CHAPTER IMother's Poor Little Things Mara, bless her heart, was now a widow with two children, poor little things, but she was young and healthy and hard-working, and God allowed that she got lucky again.As a matter of fact, when he lived, Bârzovanu, her late husband, was more of a botcher than a shoe mender, and would spend his time more gladly at the pub than at home; anyway, the children inherited from him some two hundred plum trees in the meadow of Murăş river, the small vineyard on the Păuliş hill, and the house their mother had brought as dowry. Then, a fine thing for a merchant woman, Radna is Radna, and Lipova is just across the Murăş, and in two hours you can get to Arad. On Tuesday mornings, Mara put up her stand and arranged her full hampers in the market on the right bank of the Murăş where people from as far as Sovărşin and Soboteliu gathered for the weekly fair, together with vine growers from as far as Cuvin. On Thursday mornings she would cross the Murăş and set up her stand on the left bank, the meeting place of folks from Banat as far as Făget, Căpâlnaş and San-Miclăuş. Friday nights, after the roosters sang, she left for Arad so that come day she could have her stand already fitted out in the big market visited by people from seven regions. The thing is you never saw Mara empty-handed: she sold what she could, and bought what she found; she took to Radna what you didn't find at Lipova or Arad, and to Arad what you couldn't get at Radna or Lipova. Her principle was never to take to mart what she brought in, and also rather to sell at a small profit than to have her merchandise grow stale. Only on Saint Mary's day did Maria return home with her hampers empty. Up on a hill slope on the right of the Murăş rose a Minorite monastery, the famous Maria Radna. From the belfries of the big and beautiful church you could see upstream the moss-covered ruins of the Şoimoş citadel; in front of the church there stretched the beautiful Radna and across the Murăş there stood Lipova with the shiny and bedizened tower of the Romanian church, while downstream there lay the endless plain of the HungarianLand. But Mara saw nothing of that; for her it was just a wide space in front of the monastery where people, lots of people gathered.In that church there was a miracle-working icon, a weeping Virgin at whose sight sick men got well, poor men felt rich and wretches felt happy.Though a true Christian, Mara used to go to that church at times, but she signed herself properly, genuflecting as one should before God. She didn't believe in the icon working miracles. No, sir, that she didn't believe. She knew very well that a German Blessed Virgin was not a true Blessed Virgin. It was something else. The monks, who wore their heads smooth-shaven and made terribly ugly faces, had an arcane knowledge and could work all kind of magic to cure diseases, to make poor men gain assistance and wretches find succor. So it was a good thing that people came to pray at Maria Radna, and Mara's heart rejoiced when close to the Blessed Virgin's Day the weather was fine so that people came in groups, taking as long as a week's journey, with banners in the wind, crosses decked with flowers, and singing psalms and litanies. Now that hundreds and thousands congregated in the wide space in front of the monastery it was time for Mara to harvest, and in the morning she went out with her baskets filled, and in the evening she returned with them empty. That is why Mara crossed herself before the icon, then took her little children whom she always carried along, pushed them up front a bit and told them: "Cross yourselves, my poor little things!"They were poor, the poor little things, because they did not have a father; she was poor too, for she was a widow with two children; who, good God, could she leave them with when she went to the mart? And how could she be without them from morning till evening? How could she, when it felt so good to be with them?!Mara went all over the place, she dashed sprightly, hassled and argued with folks, moaning and groaning at times about her widowhood but then she looked around and saw her kids, and started laughing again."Nobody has children like mine!" she said to herself and nobody knew it better than she, who all day met children and people and did not lay her eyes on a single human being without being tempted to make comparisons with her children. They were very healthy and rosy, hale and hearty, lively, smart and handsome; and they were bad, so bad it made you wonder, and everybody knew that only bad kids make decent grownups.Besides, they were in tatters and bare-footed and unkempt and unwashed, mother's poor little things! But then, their mother was about the same. After all, how else could a poor widow be? How could poor kids be who spent their life at the mart, getting in people's hair? A big, broad-shouldered woman, heavy, her cheeks coarse with so much sun, rain and wind. All day long Mara would sit at her stand, behind the desk loaded with fruit and gingerbread. The fish basket stood on the left while on the right water was boiling for the sausages accompanied by horse radish that she would grate from time to time. The kids ran around and made busy, coming to her when they were hungry and leaving when they were full, then played merrily, fought a little, now the two of them, now with others, and thus the day flew away.In the evening, Mara ate alone most of the times since the kids, deadbeat, fell asleep while she was cooking dinner. Mother munched first for herself and then for her kids. A pity to leave off anything for the following day!Then, after drinking a pot of good water she pulled out her purse and started counting. She never tallied just what she had made the day before but what she had made her whole life. Deducting the interest from the capital, she laid aside the money for the following day, then went to the head of the bed and brought forth three socks: one for her old age and funeral, one for Persida, and the third for Trică. There was not a single God-given day that she failed to stash at least one coin in each of the three socks; anyway, she would more gladly borrow for tomorrow than take a single coin from her treasure. When she could hoard a bigger denomination she kissed it then stood like that, all by herself, the money on the table in front of her, deep in thought. Then she started to cry.It was not that she was in dire straits; when life's hardships got her, Mara didn't cry but broke pots or turned tables and baskets upside down. She considered what she had inherited when she became widowed, what she had now, and what she would ever have. Even a character like Mara relented when she felt how good it was to live in this world, and run from morning till night, and know you didn't do it for nothing.During the day she saw a lot of folks and if she met a woman whose looks, nature and position she liked she said to herself with secret satisfaction: "That's how my Persida will be like!" And if it was a man that she liked, she said: "That's how my Trică will be!"There was this woman, the priest's wife of Pecica, a wonderful woman, with a sweet disposition, rich and beautiful too; Mara would have broken all the pots had anyone dared suggest her Persida would not become like that woman, and even more. That priest's wife had been in a nun's convent from Oradea-Mare for four years; so it was a positive thing that Persida would stay with the nuns of Lipova for at least five years.Mara made every effort to persuade mother Aegidia, the steward, to promise to take her child in for only sixty florins a year since she was a widow with two kids, the poor little things. A couple of years passed and Persida turned nine and yet Mara could not make her mind up to spend so much money for nothing. She could have paid the sum since she had it; that she knew better than anybody. But her nature would not allow her to withdraw anything from any of the three socks.Trică was less of a problem.There was this man at Lipova, Bocioacă, a master sheepskin-coat maker, who in summer worked with four journeymen, and in winter with ten; he brought the most beautiful sheepskin-coats to the mart, he had a lease on slaughtering, and was married to Marta, the girl of the Cladova priest. A wonderful man! That's what Trică had to become! And for that he didn't need too much schooling either! Just as much as it took to be accepted as journeyman.Whereas Mother Aegidia asked a lot – six florins a month and, on top, there were other expenses."Hmm!" Mara would say, wrinkling her eyebrows and starting to calculate in her mind how many people crossed the raft bridge on the Murăş every year. Nobody in this world could have done that computation better than she who had been on the banks of the Murăş for so long.What if she took from Persida's sock the money for the lease of the bridge? She could give more than others because she wanted to gain only the sixty florins and a little something over. Then she would also gain the right to place her stand and baskets at the head of the bridge which everybody had to pass by sometime.So Mara counted and counted her money in her head; two coins per man and ten for a pair of horses or oxen; she kept on adding until so much money amassed that her eyes filled with tears.Could a poor widow see her daughter become the wife of a priest, her son a master in the guild of sheepskin-coat makers and her heart not go soft?That things could be otherwise Mara refused to believe for she had in front of her eyes an extremely clear picture of how well things would turn out. CHAPTER XVIIIThe Curse of the House Man gets used to everything. So Mara got used to not seeing her daughter who was just across the Murăş. Everyday, she would glance at the house that sheltered her and there was not a single day when she would not learn how she was and what she did either from Talia or from somebody else. That's how it was supposed to be and no other way. The idea stuck into Mara's mind that her daughter would eventually ditch the German and the longer he left her alone the sooner she would walk out on him. That was why Trică would not go see her either; everybody had to abandon her and, seeing herself alone, she would come to her senses. Mara was beside herself with joy when she heard Persida was diligent, thrifty and knew her place, and thrice happy when she was told that the German ate and drank, burning daylight and spending his nights playing cards; that's how it had to be if Persida was to have enough of him.Mara wouldn't have put up with things so easily had Persida been her only child. But there was Trică, too. Oh, what a lad! He had suddenly grown as stately as a mountain fir, tall and broad-shouldered, vigorous and hard-working, neat-handed and shy as a virgin. Bocioacă appreciated him more than anybody else, and Bocioacă's wife looked at him like at her own brother, child, or something. Bocioacă and his wife had a girl, Sultana, now past twelve, and it was not difficult to guess what they had in mind. And they could not possibly have thought of a better choice.One thing Mara did overlook though: namely that her son was an unkempt and unwashed chunk who spooked girls away. Bocioacă couldn't care less about this for he simply minded just the hale, orderly man who always kept his place. While for Bocioacă's wife only the man who was ready to go through fire and water, and even sell his soul for her, mattered. You come to care about a dog whom you know to be faithful and then how could she not care about a man she knew would do anything for her?! She felt something terrible would happen if he went away, and therefore she always kept him close by herself; she would look into his eyes when she wanted to do something and, sufficed it that he frowned a little, and she would instantly drop everything. It's no small feat to find a man you can perfectly trust!And no small feat either to know how to be accorded someone's full confidence. Trică would shudder at the thought that kept him awake most of the time lest his master or especially his mistress could regret having put all their trust in him – and his heart was often in turmoil.He had come to Bocioacă's house as a lad, a boy, in fact; and little by little he had turned into a grown man. That was plain to Bocioacă; not to his wife though who would deem him still a boy, rather a child than a full-fledged man, and would continue to have him pour water to wash her hair. In fact, she even experienced a sense of luxury when his young eyes lingered in abandonment on her round arms, her bare shoulders padded with soft flesh, or sought with a sort of fear the more secret parts of her charms. After all, why had she been endowed with them if innocent eyes could not take delight in them?! If rich men love counting their money it is only natural that women should strut their stuff especially when there's nothing to fear.Indeed there was nothing, no, nothing to fear! Trică was like a block of ice, and not for the whole gold in the world, not for the life of him would he have confessed what was going on in his heart.He felt too jolly good not to keep the matter to himself.But in this world nothing ever happens that will not come out in the end.Mara was sitting in the dark at home, by herself. Whatever for to waste a candle when where was nobody to look at, and thoughts could crop up just as well and even more clearly with no light on. The woman was fretting for she was only human and had a parent's heart.She had learnt that the German had beaten Persida. Then he had gone away, left, at long last, he had left her; she had learnt that and she could not rejoice.Oh! How she would have liked to spit him in the face, to pluck his eyes out, to pull his hair out, to tear his clothes. No, she couldn't let it be!Not that things had not worked out the way she had expected; but she hadn't imagined she would find the story so hard to swallow. She was restless; she felt more and more like going to see her daughter.Out on the porch she heard a noise. Somebody had walked over and was fumbling for the door.Mara rose to her feet stormily, took a step to the door and opened it.She could not see a thing."Who is it? What do you want?" she asked."Come," Talia said breathing hard, "for it's bad. I left her with the midwife and I'm off to fetch the doctor!""With the midwife!" Mara shouted infuriated and ran out like chased by mad dogs without closing any door behind. "With the midwife?!" she repeated after a while. "But I didn't know…I wasn't told!""We didn't know either," Talia replied, walking fast after her. "You know how she is. She wouldn't talk to anyone. She's so pent-up.""That's God's punishment to me for being so beastly!" Mara continued to run, crossing herself and praying to the Virgin to take pity on her, and not to rebuke her too harshly.After crossing the bridge she stopped; she felt as if she was coming apart. She just couldn't go there by herself. She had to take Trică along. She had to, and it was so difficult for her to make a detour, and Talia was going her way, looking for the doctor.Mara gnashed her teeth and made a fist, then she quickened her steps to Bocioacă's house.Trică, two apprentices, Marta, Sultana and a servant were all gathered in the yard, around the boiler where the plum liquor was bubbling when Mara walked in, mad as a wet hen."What's up?!" Trică asked her timorously."You come with me," Mara said in a hurry. The German beat her to a pulp. It's bad, it's very bad. The midwife is with her and Talia went for the doctor. That's past bearing!"Trică seemed thunderstruck.He too knew that Persida did not have a good life with her husband and he had often reproached himself bitterly for having run so fast to Sin-Miclăuş and Buteni to join them in holy matrimony. Little by little he had got used to the idea that it had been their destiny and that they would have been worse off if they hadn't got married. Seeing his mother so worked up and learning that his sister was not faring well he became anxious and unrolled his sleeves as he used to when he went away.Marta took a long glance at him.She couldn't let him go in the state he was. She knew him to be a hotheaded man and the way he was he could have run into some sort of trouble."If the midwife's with her and the doctor's coming too," she said, "I don't see how Trică could help her.""By showing her he's her brother!" Mara replied."That she knows!" Marta retorted.Trică kept quiet, standing stock-still."So you ain't coming?" Mara asked him insistently."What could I do there?" he answered.She looked long and harshly at him and then at Marta. She understood it all, and got the feeling that she no longer had a boy, either."Well! Then I guess I am enough of a person to go there by myself!" she sputtered and went across the lane like a hurricane.Persida knew her mother would come to her if she had known but she wasn't waiting for her. She had thought repeatedly of sending Talia after her but as soon as she felt better she changed her mind. "It's nothing," she would say. "Why trouble her for nothing? I've brought it upon myself so I'll have to deal with it myself!" But when she hurt again, when the feeling that she was not going to make it invaded her she would exclaim: "Oh, my poor mother!" Thus the midwife got the idea of sending Talia after Mara. That was good thinking but not for now, when Persida needed perfect rest and things could not possibly go quietly and peacefully given that Mara hadn't seen her daughter for such a long time and the present circumstances were so sad. God had willed that Trică had revealed his weakness at this very moment, and Mara, walking to the pub of Sărărie, was so upset because of Trică that she had forgotten her previous anger. Her heart striking free of Trică's image, all the love she had ever felt for him was suddenly channeled unto Persida. If ever she had doubted it, now she was definitely persuaded that Persida was not to blame for anything. "It's me who's been a terrible mother, a bitchy woman!" she said, striking her fists against her head.She was so repentant and contrite that when she arrived at the pub after having hurried terribly she suddenly stopped, not daring to go to her daughter.She sent a girl who was doing the dishes in the kitchen to call the midwife, and when the midwife had come out she asked her whether Persida knew she was coming."Don't tell her straight that I'm here," she said. "And if you reckon it's better I don't come in, I'll stay here."Mara was ready to sit at the door all night long.In a manner of speaking for, in fact, she didn't have to."Look," the midwife told Persida who was lying in a daze, "it would be a good thing to send someone for your mother."Persida opened her eyes and glued them on her."Why trouble her?" she replied. "It would not be easy on her. It's better not to tell her anything until everything is over.""She knows," the midwife explained. "I ignore who told her. But she thinks you'd hate it if she came.""That's not true!" Persida uttered, raising herself a little. "Mother can't believe such a thing. She knows I'm not worthy of having her come to me.""Look, she's here," the midwife cut in. "You want her in?""My poor mother! My good mother!" Persida moaned and hid her head between the pillows.That's how Mara found her when she walked in."Don't you worry, darling! Don't be frightened, everything will be all right. That's the lot of women!" she said softly and bent over her to fluff up the pillows under her head and to caress her forehead, touching it with the tips of the fingers."It's all right," she added, "rest good, my darling."Persida, without raising her eyes, got hold of her mother's hand, put it to her lips and kissed it several times. They stayed like that for a while, in silence."God is good," Persida whispered eventually, "and He wanted me rid of such harsh punishment. It's good that things have come out like this. Mother, please," she continued "look for Bandi! He's miserable, the poor man, he has nobody in this world, and he was faithful to me. Give him, if I don't make it, everything I have.""Well," replied Mara, "one doesn't die just like that. In fact, it's now that you start living properly. Thank God you are rid of that man for he did you only wrong."Persida turned a little in her bed, with her eyes on Mara."Don't blame him, mother. " she uttered, "he's miserable too, more miserable than I am."Mara withdrew some. She felt like leaving."So it's like it used to be!" she said bitterly. "You think you're always to blame!"Persida turned more to her mother and rose a bit in her bed."I, mother, and your blood," she said. "He would never have raised his hand at me if I hadn't hit him first. A man cannot overlook such a thing, and I would be ashamed if he…"The door opened slowly and timidly and Natzl let in doctor Blaubach, a small old man with gray sideburns.Persida lay back in bed while Mara stood up, her face to the bed, straight, stiff, her eyes glued to her son-in-law who, seeing her, withdrew a step, his head bent and his face livid.They remained like that during all the time the doctor spoke softly to the midwife, inquiring about Persida's condition. When he came closer to the bed to check on the patient, Mara drew to the door, and Natzl walked up humbly to her, took her hand and kissed it twice, one time after another.This thing happened too fast and the face of Natzl, his movements, his entire looks exuded so much repentance and amazement that Mara relented completely, and it was only after a few moments that she came back to herself and took a step back."Well," said the doctor, "I am not of much help! We must wait for nature to do its work. If she loses too much blood and she faints, call me," he turned to the midwife. "As far as I can see," he said to Natzl, "the baby is lost but then things will turn out all right. Let her be, above all let her lie in peace! I'll come back around midnight."After having said all that he walked out of the room, and Natzl accompanied him.Mara didn't know what to do. Something inside prompted her to run after him, to get hold of the man and tell him a piece of her mind outside Persida's hearing. But her soft disposition did not allow her to get far from Persida's bed, and in front of Persida she couldn't tell him anything, she had to accept everything, to suffer everything not to trouble her daughter."Oh, God," she said to herself sorely, "she still cares about him, more than about anybody else! That's the curse of my house! Both my children care more about strangers than about myself and their own folks. My heart is too weak!"When she saw Natzl returning she couldn't control her temper and went up to him, articulating slowly and harshly:"Didn't you hear what the doctor said? Leave us alone, so that we have quiet!"Natzl stopped short."I'll be out here at the door," he said, I cannot leave.""There's no peace in this house as long as you're around!" Mara uttered more loudly, rising both hands. "You walked away once. Then stay away!"Persida rose in bed frightened, and the midwife ran to Mara to calm her down."I cannot go!" Natzl mouthed the words distinctly and resolutely. "When I went away I thought she was sound and hale, so I walked away to rid her of a miserable being like me who caused her so much harm and cannot do her any good. Not even the most despicable man on earth would abandon his wife in such a state.""I thank God that I rid her of you even like this!" Mara shouted. "You, her husband?! She, your wife?! You were her executioner! That's what you were!""Endure, dear Natzl," Persida cried, "endure everything mother says for she's my mother, and a good mother she is. Yes, mother, he's my husband, and I'm his lawful wife, his wife before God so that we may help each other, I him and he me."Mara raised her hands to her head. She felt like pulling our her hairs clawing off her clothes, and banging her head against the wall."You don't need his help," she said more calmly. "If ever you…"Suddenly she stopped, her eyes glassy, her face haggard."Oh, poor me! Poor me! I left the doors of the house open and the secret nook in the wall uncovered!" she cried and rushed out like chased by the hounds of hell.How on earth not to hurry when all she had left was in that secret nook?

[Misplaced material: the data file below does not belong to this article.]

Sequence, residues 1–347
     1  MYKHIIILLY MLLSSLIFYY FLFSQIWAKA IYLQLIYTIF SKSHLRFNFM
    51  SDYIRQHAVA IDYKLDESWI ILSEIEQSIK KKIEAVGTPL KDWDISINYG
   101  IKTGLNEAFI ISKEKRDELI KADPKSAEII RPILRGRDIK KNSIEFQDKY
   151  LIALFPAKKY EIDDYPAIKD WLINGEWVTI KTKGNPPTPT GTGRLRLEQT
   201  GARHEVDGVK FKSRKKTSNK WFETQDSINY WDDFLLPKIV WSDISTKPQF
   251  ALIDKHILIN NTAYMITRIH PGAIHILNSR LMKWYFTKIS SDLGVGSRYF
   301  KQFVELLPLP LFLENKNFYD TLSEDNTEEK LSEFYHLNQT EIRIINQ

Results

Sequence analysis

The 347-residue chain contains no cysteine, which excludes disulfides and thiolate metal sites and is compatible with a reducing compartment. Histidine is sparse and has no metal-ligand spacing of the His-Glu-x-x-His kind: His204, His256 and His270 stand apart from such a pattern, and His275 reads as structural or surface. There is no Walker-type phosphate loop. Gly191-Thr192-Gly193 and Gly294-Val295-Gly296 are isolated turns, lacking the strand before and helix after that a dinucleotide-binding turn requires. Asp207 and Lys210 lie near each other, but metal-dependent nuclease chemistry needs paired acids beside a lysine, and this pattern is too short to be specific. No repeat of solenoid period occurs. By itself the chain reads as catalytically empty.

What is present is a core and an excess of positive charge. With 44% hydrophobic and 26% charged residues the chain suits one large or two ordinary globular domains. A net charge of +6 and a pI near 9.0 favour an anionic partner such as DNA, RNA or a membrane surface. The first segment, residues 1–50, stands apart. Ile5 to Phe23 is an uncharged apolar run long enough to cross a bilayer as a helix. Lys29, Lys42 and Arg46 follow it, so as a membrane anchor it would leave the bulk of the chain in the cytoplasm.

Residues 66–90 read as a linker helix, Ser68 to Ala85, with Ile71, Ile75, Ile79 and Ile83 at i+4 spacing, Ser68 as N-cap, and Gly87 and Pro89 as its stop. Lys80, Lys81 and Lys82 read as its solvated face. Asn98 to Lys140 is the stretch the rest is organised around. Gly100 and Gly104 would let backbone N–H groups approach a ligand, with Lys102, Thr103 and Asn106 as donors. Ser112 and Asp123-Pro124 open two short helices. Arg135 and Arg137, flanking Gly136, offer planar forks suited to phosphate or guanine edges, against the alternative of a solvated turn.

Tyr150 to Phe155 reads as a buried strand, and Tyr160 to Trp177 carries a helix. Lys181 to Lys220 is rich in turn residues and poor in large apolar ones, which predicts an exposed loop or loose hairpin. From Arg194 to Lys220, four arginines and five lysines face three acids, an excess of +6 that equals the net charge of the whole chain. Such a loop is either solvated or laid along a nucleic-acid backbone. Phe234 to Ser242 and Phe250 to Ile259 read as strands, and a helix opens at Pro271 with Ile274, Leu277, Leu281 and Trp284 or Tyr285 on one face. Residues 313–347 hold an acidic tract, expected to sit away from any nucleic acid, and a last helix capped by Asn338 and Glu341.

by Ioan Slavici (1848-1925)